Matcha Tea Truffles

matcha truffles

When I think of dark chocolate, matcha tea is something I never considered as a pairing. I first experienced these truffles at Hapa Izakaya restaurant, as a dessert. The combination was so perfect, I couldn’t get enough so I thought I’d share how I made them at home.

To make these truffles you need 71% dark chocolate, cream, and high grade match tea powder (I used Herbal Republic). The ganache recipe is really quite simple; after emulsifying the boiled cream and chocolate, the ganache can be cooled overnight. The next day,  take the ganache out of the fridge to bring it back up to room temperature. This allows you to scoop the ganache and roll it in your hands with ease. After rolling the truffles,  put them in the fridge for a few minutes. Once they are slightly cool, roll the truffles in the green tea and you are ready to enjoy. They are best served at room temperature when the ganache texture is smooth and creamy.

Dark Chocolate Ganache Recipe

Note: recipe adapted from


  • 1 1/2 cups (12 fluid ounces or 360 mililiters) heavy cream
  • 1 lb (454 rams) semisweet or bittersweet dark chocolate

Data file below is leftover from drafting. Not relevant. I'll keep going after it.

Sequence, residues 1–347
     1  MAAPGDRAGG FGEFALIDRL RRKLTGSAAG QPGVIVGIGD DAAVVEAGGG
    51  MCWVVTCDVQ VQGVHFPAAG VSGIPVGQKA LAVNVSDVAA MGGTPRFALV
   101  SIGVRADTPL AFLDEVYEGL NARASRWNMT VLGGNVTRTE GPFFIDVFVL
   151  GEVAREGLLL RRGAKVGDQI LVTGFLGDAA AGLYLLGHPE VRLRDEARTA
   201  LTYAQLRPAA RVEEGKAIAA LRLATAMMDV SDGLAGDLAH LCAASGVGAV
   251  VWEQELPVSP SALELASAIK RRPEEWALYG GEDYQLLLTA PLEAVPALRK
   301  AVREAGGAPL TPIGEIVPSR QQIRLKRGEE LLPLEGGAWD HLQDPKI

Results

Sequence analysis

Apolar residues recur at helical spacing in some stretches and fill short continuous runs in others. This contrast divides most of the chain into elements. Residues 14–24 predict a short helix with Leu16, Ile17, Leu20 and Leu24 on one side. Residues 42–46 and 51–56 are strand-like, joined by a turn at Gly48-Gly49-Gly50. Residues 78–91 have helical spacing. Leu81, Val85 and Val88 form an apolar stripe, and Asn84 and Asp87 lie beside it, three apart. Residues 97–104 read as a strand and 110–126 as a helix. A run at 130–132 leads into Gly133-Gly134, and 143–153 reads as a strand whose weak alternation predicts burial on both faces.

1. In a heavy saucepan, boil heavy cream. Turn off the heat. Add chopped chocolate pieces and let it rest until melted. Use a rubber spatula to stir the mixture until all the pieces are melted.

2. Pour it into a room-temperature bowl and cover with plastic wrap. Refrigerate the ganache until firm.

Storage: Store the icing in an airtight container and refrigerate. The icing will keep for up to 2 weeks in the refrigerator.

Yield: 3 1/2 cups (800 g)

Photo: Steph Co


4 Responses to “Matcha Tea Truffles”

  1. Posted on January 26th, 2009

    Janeen, thanks for these. They were delicious.

  2. Posted on January 27th, 2009

    Steph made me try one at the GDC/BC AGM. She really had to twist my arm.

    They were delish!

  3. Posted on April 4th, 2010

    Just tried this out, since I had some Matcha left, and no idea what to do with it. Delicious result.

    I only have one question: After putting the cream/chocolate mass in the refrigerator, some fat component was separating from the chocolate mass. It accumulated at the top and then froze, so I could simply cut it away before rolling the truffles; still this is probably not ideal. Did I do something wrong? Or was the chocolate wrong? Thanks!

  4. Posted on July 23rd, 2013

    It’s very effortless to find out any matter on net as compared to books, as I found this paragraph at this site.

Leave a Reply

If so desired you may use HTML in your comments. Links, bold/strong and emphasis/italics tags are all accepted! However more than one link will flag you as spam so write carefully!

Our Sponsors

These are our friends, neighbours and some of the best food resources around. They support us. We support them. You should too.